- Sarah Roberts from Adventures in the Endless Pursuit of Entertainment co-hosts!
- Kate Baldwin’s album-release party at Feinstein’s
- Memphis‘ Bryan Fenkart and The Addams Family are best in show at Broadway in Bryant Park
- From Follies at the Kennedy Center to Sweeney Todd in Paris: How far will you go to see a show?
- Broadway grosses
What do you think, Rushers? Who do you think was the strongest act at Broadway in Bryant Park this week? What’s the farthest you’ve ever traveled to see theater? Leave your frequent theater miles in the comments below!
This week’s acts at Broadway in Bryant Park couldn’t match the scorching heat of Kerry Butler and Aaron Tveit from last week, so Mother Nature sent down an excess of UV rays to make up for the difference. The third week of the concert series was the hottest yet, clocking in at 94 degrees. In addition to the added heat, there were five shows performing, breaking from the usual four. It was a jam-packed show with solid turnouts, but no clear, wowing performance.
Joseph Harrington took the stage first for Billy Elliot, singing “Electricity.” His delivery seemed a bit robotic and inorganic, but at the end when he took center stage and performed numerous, consecutive pirouettes—I couldn’t help but have chills. Emily Skinner sang Mrs. Wilkinson’s number, “Shine,” but was unaccompanied by her ballerina students, who performed during the number last year. Closing out their set, all four current Broadway Billies (Harrington, Tade Biesinger, Giuseppe Bausilio, and Peter Mazurowski) convened for a tap dance set.
Memphis sent in its understudies in place of Chad Kimball and Montego Glover. Bryan Fenkart, who sat down with Stage Rush for an “Understudy Hall” profile, is often a pinch-hitter for the role of Huey. News broke on Thursday that Kimball is scheduled to take a leave of absence from the musical in the fall due to a long-gestating injury. Fenkart’s appearance at the Bryant Park concert provided some thoughtful foreshadowing as to whether he might be tapped to replace Kimball in the role. Regardless, Fenkart delivered a vocally-impressive and well-acted “The Music of My Soul,” followed by Dan’yelle Williamson, who added her own gospel flourishes to the great solo “Colored Woman.” Surprisingly, Fenkart and Williamson were the only two Memphis representatives. I found it odd that the show didn’t make use of its impressive ensemble, but the two back-up leads delivered a strong set on their own.
VIDEO: Bryan Fenkart sings “The Music of My Soul” from Memphis
- Douglas Hodge opens cabaret act at Cafe Carlyle
- Stephanie J. Block fans—Douglas Hodge has some news for you
- American Idiot sets closing date; will have accomplished a year on Broadway
- Will a four-day Memphis theatrical release accomplish much?
- Broadway Grosses
What do you think, Rushers? Do you want to see Douglas Hodge’s Meantime come to a New York stage with Stephanie J. Block? Do you think Memphis‘s brief movie release will make an impact on audiences? Leave your thoughts in the comments below!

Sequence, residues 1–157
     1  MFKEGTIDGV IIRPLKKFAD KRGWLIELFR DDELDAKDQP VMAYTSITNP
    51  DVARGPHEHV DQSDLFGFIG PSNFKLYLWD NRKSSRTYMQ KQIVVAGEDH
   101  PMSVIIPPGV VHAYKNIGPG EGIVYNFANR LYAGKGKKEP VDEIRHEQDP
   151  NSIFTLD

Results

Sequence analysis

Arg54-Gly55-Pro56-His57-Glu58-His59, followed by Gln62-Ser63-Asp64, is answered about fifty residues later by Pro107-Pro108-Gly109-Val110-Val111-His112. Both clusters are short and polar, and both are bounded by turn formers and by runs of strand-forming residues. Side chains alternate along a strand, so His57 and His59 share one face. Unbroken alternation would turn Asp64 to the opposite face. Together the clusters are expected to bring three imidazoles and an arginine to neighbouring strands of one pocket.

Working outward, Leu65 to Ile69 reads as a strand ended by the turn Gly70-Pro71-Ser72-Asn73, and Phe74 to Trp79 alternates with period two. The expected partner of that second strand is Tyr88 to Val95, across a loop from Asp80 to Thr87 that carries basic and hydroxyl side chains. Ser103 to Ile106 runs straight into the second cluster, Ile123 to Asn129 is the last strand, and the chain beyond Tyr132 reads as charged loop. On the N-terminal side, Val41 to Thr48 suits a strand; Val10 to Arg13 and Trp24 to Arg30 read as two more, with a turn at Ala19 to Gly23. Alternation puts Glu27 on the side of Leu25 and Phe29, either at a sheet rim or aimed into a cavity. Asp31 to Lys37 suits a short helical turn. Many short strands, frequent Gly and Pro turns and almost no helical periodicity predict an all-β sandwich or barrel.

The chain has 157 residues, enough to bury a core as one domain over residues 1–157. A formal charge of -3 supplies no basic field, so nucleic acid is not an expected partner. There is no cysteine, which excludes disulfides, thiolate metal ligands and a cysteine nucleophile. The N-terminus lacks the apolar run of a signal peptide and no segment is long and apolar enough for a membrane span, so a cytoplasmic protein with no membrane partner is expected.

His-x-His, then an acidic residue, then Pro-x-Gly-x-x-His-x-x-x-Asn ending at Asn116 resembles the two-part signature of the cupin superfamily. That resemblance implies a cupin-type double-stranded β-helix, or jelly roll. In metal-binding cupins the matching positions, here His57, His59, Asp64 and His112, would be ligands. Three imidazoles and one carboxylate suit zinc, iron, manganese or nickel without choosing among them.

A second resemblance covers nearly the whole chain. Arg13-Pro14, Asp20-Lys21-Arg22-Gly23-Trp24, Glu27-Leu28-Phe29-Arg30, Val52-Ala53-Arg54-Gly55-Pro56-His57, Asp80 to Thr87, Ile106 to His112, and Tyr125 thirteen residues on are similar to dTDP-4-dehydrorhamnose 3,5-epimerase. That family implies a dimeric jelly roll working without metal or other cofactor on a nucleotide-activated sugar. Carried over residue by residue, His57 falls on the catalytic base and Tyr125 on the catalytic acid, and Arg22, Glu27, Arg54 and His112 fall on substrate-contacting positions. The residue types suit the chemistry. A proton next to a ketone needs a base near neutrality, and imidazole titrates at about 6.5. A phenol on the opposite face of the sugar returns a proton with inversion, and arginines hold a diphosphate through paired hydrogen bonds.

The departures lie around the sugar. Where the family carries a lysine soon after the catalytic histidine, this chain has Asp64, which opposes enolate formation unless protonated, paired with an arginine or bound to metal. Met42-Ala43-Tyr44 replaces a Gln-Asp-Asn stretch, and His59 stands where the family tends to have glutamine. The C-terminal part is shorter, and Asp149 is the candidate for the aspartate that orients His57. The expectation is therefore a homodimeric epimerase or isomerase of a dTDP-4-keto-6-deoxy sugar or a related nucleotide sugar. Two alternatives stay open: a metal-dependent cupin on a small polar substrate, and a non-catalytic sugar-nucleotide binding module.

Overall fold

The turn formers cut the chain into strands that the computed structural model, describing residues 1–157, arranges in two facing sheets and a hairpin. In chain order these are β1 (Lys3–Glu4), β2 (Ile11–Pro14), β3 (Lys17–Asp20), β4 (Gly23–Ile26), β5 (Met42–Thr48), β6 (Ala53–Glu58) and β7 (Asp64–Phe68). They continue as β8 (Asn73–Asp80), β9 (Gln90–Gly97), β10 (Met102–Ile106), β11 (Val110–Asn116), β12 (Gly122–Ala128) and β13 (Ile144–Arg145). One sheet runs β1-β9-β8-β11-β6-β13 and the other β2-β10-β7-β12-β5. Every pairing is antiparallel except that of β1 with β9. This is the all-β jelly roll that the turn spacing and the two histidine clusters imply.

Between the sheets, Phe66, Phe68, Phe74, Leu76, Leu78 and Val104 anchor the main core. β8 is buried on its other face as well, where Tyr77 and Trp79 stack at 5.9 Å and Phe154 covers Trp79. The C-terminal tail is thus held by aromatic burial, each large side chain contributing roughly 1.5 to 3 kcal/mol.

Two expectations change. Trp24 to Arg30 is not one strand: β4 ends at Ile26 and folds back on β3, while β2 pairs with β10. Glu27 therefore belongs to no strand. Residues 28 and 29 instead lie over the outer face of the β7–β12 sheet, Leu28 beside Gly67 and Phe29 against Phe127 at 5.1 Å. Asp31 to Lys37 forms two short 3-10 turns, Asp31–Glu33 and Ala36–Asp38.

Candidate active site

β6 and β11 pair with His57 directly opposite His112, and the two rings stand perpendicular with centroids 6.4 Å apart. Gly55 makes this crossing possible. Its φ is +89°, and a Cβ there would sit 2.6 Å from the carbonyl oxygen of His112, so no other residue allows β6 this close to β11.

(Using an iPhone or iPad? Watch on YouTube)
- John Leguizamo readies his fifth solo show, Ghetto Klown, for Broadway
- Word Association with John Leguizamo
- Memphis filmed for theatrical release—good for box office?
- Broadway grosses
What do you think, Rushers? Have you been a devout follower of John Leguizamo’s career since the early 90s? What’s your favorite film of his? Do you think Memphis‘s theatrical release is a good move? Will you go see it? Do you think people who see it in movie theaters will be more likely or less likely to buy a ticket to see it on Broadway? Leave your thoughts and ideas in the comments below!
The new Broadway season swoops in with quite a homecoming when it takes over the area it inhabits. During the annual Broadway on Broadway concert, Broadway the art takes full control of Broadway the district. In its nineteenth year, the free outdoor concert in Times Square offered strong performances, many of theater’s biggest stars, and a lack of new offerings.
Sponsored by The Broadway League and billed as a kick-off to the new theater season, Broadway on Broadway should (and usually does) feature the new musical productions that will be bowing in the coming months. It’s an exciting sneak peak of shows that are opening in a few weeks, and some much further into the year. Last year, new productions like Finian’s Rainbow and Memphis were among those that debuted their songs and cast to the Times Square audience. This year, just two new musicals performed, out of the 10+ productions slated for Broadway this year.
Only one of those two productions, Elf, features original music. Beth Leavel was on hand to perform “There Is A Santa Claus,” which was pretty paint-by-numbers in melody, but embodied a strong seasonal flavor. Will Swenson (with newly cropped hair, much to the female audience’s audible disdain) performed “I Say A Little Prayer” from Priscilla Queen of the Desert—a jukebox musical. Not two of the strongest numbers of the day, but still exciting, being they were new.
Where was the cast of Bloody Bloody Andrew Jackson, who is clearly ready to go? The Scottsboro Boys are still performing at the Guthrie Theater in Minneapolis, so they get a pass on this event. But why couldn’t Reeve Carney represent Spider-Man: Turn Off The Dark like he did on Good Morning America on Friday? Were the A-list stars of Women On The Verge Of A Nervous Breakdown above the free concert? Being that all these shows are set to open in the next two months, a one-song performance couldn’t have been too far out of their reach. Instead of performances, Sutton Foster, from the upcoming revival of Anything Goes (another production that didn’t perform—like she doesn’t know how to sing “Blow, Gabriel, Blow?) appeared on stage to read from the list of all these shows that are coming to Broadway and wouldn’t be performing. Some tease. Read more